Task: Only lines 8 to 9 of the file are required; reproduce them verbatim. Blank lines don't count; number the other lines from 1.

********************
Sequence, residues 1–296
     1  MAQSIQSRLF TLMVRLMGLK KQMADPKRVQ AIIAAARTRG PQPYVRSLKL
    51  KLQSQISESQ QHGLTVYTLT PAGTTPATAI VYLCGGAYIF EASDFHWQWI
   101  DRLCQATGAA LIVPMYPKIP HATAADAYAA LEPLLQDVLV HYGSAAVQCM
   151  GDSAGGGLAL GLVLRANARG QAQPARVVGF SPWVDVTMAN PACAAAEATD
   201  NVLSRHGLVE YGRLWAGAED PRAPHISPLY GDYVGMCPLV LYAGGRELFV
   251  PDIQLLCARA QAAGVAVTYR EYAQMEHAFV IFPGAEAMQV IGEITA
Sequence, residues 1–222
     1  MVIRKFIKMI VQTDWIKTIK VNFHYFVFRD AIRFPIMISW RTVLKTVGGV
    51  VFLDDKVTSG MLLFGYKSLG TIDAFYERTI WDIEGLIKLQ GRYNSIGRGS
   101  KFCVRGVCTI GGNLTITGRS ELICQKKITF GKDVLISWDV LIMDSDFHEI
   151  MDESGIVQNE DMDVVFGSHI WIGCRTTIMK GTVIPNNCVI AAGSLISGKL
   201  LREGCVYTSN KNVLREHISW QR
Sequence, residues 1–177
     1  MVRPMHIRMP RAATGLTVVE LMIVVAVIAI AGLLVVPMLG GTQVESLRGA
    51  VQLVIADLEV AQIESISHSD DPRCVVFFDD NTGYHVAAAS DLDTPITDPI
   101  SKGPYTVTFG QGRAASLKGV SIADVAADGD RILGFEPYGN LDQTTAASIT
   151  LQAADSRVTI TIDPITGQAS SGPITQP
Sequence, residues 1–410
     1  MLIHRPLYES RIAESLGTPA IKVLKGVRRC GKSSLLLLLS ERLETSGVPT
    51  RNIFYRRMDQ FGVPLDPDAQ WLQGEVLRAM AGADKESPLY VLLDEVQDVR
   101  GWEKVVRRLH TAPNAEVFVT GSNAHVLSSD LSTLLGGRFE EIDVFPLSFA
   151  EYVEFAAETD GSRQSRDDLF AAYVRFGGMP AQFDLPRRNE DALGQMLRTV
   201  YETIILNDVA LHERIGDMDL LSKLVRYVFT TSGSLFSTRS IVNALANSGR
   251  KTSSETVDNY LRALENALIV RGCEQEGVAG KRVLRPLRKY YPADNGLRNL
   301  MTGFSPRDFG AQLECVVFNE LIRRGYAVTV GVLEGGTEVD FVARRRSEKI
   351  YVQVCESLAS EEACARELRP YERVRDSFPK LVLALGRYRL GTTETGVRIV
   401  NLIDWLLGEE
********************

Sequence, residues 1–222
     1  MVIRKFIKMI VQTDWIKTIK VNFHYFVFRD AIRFPIMISW RTVLKTVGGV